Overview of our system during inference. The encoder Ev encodes a blurry image into a sequence of latent codes that are then manipulated based on the relative viewpoints via the fusion network F to produce encodings of images from a novel view. Finally, the generator G maps the novel view encodings to the image space.
We propose a solution to the novel task of rendering sharp videos from new view-points from a single motion-blurred image of a face. Our method handles the complexity of face blur by implicitly learning the geometry and motion of faces through the joint training on three large datasets: FFHQ and 300VW, which are publicly available, and a new multi-view face dataset that we built, which will be made available upon publication. The first two datasets provide a large variety of faces and allow our model to generalize better. The third dataset instead allows us to introduce multi-view constraints, which are crucial to synthesizing sharp videos from a new camera view. Our dataset consists of high frame rate synchronized videos from multiple views of several subjects displaying a wide range of facial expressions. We use the high frame rate videos to simulate real-istic motion blur through averaging. Thanks to this dataset, we train a neural network to reconstruct a 3D video representation from a single image and the corresponding face gaze. We then provide a camera viewpoint relative to the estimated gaze and the blurry image as input to an encoder-decoder network to generate a video of sharp frames with anovel camera viewpoint. We demonstrate our approach on test subjects of our multi-view dataset and VIDTIMIT.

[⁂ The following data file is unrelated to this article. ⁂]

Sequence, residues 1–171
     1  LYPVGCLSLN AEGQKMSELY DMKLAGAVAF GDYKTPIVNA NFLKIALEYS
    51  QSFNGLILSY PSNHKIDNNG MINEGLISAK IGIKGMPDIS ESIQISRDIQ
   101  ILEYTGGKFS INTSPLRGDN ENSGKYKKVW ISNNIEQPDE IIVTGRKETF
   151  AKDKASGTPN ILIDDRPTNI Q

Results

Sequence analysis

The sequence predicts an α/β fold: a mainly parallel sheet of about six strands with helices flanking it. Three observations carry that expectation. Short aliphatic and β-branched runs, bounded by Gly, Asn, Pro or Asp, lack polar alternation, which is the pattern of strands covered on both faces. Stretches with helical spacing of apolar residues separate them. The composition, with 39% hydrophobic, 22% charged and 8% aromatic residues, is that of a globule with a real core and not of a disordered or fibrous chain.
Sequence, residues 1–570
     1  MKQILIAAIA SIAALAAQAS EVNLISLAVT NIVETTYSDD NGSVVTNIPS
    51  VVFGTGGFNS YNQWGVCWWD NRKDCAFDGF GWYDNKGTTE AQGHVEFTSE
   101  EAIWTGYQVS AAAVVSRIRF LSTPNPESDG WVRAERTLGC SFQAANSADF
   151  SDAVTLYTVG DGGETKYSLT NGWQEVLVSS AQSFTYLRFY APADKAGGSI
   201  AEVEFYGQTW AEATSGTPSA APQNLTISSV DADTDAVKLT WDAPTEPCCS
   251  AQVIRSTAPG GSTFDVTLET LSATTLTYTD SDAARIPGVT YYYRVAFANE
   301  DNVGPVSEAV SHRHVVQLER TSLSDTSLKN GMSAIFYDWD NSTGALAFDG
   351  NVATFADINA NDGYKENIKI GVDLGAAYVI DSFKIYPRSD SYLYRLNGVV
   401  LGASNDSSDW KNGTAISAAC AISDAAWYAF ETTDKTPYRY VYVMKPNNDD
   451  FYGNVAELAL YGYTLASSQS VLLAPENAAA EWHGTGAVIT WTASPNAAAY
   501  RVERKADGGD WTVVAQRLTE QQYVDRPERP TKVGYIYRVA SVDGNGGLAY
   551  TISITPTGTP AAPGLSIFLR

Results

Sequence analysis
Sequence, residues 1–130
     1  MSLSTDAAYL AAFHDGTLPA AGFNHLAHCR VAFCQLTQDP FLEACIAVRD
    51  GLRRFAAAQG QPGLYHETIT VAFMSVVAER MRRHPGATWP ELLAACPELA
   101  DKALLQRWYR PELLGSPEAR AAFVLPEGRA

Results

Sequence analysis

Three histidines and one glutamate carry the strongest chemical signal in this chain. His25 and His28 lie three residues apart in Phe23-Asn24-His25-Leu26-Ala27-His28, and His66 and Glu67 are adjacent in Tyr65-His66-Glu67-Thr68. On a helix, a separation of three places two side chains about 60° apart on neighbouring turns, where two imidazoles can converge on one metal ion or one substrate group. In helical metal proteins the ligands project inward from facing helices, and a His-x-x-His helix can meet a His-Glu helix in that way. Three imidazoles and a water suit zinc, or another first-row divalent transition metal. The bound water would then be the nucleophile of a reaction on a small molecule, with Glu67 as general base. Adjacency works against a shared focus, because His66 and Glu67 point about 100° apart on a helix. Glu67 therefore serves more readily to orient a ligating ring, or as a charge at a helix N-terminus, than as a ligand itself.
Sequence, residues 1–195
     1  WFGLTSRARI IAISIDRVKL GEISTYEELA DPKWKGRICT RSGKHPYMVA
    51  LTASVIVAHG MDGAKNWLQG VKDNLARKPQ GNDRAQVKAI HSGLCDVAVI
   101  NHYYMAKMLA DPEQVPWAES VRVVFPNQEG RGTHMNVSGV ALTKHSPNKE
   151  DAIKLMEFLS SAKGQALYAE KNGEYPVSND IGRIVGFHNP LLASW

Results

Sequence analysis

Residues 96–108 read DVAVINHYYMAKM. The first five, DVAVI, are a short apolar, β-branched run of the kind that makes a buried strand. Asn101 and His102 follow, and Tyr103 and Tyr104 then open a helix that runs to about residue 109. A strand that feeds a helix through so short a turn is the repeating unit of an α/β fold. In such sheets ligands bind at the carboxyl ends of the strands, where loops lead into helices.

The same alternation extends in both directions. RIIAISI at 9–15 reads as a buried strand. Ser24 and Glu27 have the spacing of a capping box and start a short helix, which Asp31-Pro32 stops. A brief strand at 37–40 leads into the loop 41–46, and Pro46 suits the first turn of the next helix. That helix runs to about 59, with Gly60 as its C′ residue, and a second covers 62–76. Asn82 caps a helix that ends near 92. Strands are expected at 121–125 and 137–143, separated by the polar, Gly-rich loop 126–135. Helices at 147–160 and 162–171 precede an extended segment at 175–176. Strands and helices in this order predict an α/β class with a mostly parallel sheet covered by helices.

Example sharp video reconstructions from our model. We show reconstructed frame sequences without viewpoint change (odd columns) and with random viewpoint changes (even columns). The first row shows the blurry input image followed by landmarks computed on the first and last frame in the reconstructed sequence. The first three examples are computed on VIDTIMIT and the last two on our test set.